SEOUL – South Korea said Saturday it will request North Korea to further investigate the killing of a South Korean government official who was shot by North Korean troops after being found adrift near the rivals’ disputed sea boundary while apparently trying to defect.
Seoul could also possibly call for a joint investigation into Tuesday’s shooting, which sparked outrage in the South and drew a rare apology from North Korean leader Kim Jong Un.
Kim was quoted as saying he was “very sorry” over what he described as an “unexpected, unfortunate incident" in a message sent by Pyongyang's United Front Department, a North Korean government agency in charge of inter-Korean relations.
However, the North Korean message, which was announced by the office of South Korean President Moon Jae-in on Friday, largely passed the blame for the shooting to the South Korean official, claiming that he refused to answer questions and attempted to flee before North Korean troops fired at him.
South Korean officials during a presidential National Security Council meeting Friday evening concluded that further investigation was needed because the North’s account of the incident was different from what was gathered by South Korean intelligence, Moon's office said.
“We have decided to request the North to conduct an additional investigation and also request a joint investigation with the North if needed,” the Blue House said in a statement. It said the South will also “swiftly take measures to further strengthen surveillance posture” in waters off the country’s western coast to prevent similar incidents.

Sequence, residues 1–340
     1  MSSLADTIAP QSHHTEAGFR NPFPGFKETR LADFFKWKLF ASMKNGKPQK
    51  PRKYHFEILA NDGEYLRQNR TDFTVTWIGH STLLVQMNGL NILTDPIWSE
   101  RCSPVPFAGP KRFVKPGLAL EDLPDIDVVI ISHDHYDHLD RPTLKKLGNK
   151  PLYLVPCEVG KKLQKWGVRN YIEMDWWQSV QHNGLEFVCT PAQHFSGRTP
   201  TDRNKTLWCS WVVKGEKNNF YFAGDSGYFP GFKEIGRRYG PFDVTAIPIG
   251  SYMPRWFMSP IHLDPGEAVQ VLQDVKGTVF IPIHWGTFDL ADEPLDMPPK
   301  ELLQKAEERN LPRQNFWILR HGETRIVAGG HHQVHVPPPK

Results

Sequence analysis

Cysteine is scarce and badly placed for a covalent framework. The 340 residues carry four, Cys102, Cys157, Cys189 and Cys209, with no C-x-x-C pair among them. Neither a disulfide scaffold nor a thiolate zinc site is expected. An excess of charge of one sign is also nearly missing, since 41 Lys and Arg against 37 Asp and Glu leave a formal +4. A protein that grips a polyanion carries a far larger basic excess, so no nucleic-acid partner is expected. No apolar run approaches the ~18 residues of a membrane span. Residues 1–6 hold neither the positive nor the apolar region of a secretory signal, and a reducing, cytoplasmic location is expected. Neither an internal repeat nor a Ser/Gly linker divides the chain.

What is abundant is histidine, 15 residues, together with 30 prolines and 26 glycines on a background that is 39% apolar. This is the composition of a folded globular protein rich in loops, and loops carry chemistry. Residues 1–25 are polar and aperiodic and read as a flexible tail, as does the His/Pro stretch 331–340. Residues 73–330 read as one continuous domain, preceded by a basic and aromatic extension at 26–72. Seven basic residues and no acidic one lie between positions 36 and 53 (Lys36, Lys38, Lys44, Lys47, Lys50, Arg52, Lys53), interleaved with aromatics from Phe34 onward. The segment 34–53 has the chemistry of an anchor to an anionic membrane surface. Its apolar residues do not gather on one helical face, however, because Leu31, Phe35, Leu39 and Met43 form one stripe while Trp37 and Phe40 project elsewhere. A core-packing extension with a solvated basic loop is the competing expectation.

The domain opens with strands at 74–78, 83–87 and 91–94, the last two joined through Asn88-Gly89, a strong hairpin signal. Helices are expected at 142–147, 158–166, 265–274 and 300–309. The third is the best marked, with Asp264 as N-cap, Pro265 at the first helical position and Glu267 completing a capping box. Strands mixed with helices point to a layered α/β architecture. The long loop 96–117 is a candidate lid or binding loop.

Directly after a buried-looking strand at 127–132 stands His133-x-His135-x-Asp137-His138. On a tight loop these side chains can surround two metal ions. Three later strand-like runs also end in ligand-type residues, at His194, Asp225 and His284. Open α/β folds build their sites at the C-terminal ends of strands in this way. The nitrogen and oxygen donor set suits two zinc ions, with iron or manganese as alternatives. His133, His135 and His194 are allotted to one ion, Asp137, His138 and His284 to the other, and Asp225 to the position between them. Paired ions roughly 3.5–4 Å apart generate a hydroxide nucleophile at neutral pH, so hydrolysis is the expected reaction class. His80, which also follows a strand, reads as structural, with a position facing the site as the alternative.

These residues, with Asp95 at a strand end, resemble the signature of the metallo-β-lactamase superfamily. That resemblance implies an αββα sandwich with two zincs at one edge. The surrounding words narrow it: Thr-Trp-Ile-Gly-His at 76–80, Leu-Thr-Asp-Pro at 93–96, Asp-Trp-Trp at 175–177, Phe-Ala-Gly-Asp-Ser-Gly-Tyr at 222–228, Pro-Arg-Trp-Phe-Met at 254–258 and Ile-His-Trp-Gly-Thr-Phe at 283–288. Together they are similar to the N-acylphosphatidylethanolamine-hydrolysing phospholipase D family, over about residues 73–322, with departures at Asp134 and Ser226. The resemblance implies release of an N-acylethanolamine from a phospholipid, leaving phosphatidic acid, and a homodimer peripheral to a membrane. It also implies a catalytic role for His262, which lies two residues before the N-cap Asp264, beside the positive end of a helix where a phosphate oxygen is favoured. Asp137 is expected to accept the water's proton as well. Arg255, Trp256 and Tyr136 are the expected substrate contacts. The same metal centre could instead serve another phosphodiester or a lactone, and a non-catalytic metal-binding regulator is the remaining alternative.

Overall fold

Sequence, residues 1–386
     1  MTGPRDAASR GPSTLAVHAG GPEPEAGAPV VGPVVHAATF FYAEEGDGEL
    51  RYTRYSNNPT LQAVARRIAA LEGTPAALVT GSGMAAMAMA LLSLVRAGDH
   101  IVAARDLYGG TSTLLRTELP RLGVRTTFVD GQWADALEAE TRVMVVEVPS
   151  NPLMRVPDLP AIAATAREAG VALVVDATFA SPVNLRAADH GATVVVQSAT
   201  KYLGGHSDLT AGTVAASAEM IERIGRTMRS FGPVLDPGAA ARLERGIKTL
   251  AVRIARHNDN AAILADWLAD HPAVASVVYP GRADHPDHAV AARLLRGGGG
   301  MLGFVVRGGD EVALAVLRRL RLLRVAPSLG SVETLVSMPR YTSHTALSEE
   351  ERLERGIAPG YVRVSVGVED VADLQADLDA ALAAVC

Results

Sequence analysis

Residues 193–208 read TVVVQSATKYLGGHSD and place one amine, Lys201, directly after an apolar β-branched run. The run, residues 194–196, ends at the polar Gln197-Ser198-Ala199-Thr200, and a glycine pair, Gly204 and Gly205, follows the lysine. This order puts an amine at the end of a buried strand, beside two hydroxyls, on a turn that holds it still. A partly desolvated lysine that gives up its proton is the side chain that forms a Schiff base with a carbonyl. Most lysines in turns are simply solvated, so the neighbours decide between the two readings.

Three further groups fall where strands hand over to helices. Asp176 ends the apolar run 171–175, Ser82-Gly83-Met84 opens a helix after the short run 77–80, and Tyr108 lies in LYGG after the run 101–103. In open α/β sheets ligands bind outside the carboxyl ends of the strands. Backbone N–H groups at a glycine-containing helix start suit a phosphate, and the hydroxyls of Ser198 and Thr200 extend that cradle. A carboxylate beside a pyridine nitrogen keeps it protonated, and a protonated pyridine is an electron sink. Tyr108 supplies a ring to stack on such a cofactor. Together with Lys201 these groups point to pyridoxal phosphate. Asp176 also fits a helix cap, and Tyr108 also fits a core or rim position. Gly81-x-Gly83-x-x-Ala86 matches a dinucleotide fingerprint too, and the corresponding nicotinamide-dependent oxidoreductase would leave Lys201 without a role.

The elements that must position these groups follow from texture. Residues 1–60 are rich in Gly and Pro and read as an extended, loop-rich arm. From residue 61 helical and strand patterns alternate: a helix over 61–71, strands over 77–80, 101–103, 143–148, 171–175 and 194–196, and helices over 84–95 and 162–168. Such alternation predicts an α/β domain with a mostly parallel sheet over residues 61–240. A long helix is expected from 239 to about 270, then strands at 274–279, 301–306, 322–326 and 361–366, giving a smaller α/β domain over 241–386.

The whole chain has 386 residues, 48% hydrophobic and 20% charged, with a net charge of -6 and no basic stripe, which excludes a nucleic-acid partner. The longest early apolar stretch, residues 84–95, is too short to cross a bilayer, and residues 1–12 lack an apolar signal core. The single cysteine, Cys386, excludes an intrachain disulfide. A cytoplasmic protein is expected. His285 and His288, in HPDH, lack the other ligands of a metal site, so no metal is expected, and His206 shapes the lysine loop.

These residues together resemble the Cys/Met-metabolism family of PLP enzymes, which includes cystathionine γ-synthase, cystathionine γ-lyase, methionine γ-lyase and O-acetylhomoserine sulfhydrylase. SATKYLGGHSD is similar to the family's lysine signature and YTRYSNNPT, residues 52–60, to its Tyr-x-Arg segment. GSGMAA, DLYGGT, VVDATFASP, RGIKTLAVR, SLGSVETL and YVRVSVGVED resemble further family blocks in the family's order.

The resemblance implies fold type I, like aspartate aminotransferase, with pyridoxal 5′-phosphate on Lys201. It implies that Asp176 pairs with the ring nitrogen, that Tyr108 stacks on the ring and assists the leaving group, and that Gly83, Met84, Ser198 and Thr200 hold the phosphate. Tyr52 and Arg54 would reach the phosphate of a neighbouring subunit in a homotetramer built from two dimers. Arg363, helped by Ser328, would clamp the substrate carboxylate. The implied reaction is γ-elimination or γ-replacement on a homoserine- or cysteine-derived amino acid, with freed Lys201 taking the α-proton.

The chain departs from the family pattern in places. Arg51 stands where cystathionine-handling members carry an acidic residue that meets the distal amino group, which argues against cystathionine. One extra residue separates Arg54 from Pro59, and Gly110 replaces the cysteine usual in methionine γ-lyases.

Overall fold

South Korea's coast guard was deploying dozens of vessels and hundreds of officers to search waters near the western sea border Saturday for the official's remains. The North's state media have yet to report on the incident or Kim's apology.
South Korea earlier accused the North of shooting the man, who was likely trying to defect, and burning his body after finding him on a floating object in North Korean waters. South Korean officials condemned what they called an “atrocious act” and pressed North Korea to punish those responsible.
But North Korea in its message said that troops first fired blanks after the man refused to answer questions other than saying he’s from South Korea a couple of times. Then, as he made moves to flee, the North Korean troops fired 10 rounds. When they came near the floating object, they only found lots of blood but no sign of him. The troops determined he was dead and burned the floating object in line with anti-coronavirus rules, the message said.
North Korea has previously expressed “regrets” when it wanted to lower tensions triggered by incidents involving South Korean casualties, such as the 2015 front-line mine blasts that maimed two South Korean soldiers and the 2008 shooting death of a South Korean tourist in North Korea. But it’s rare for a North Korean leader to do so.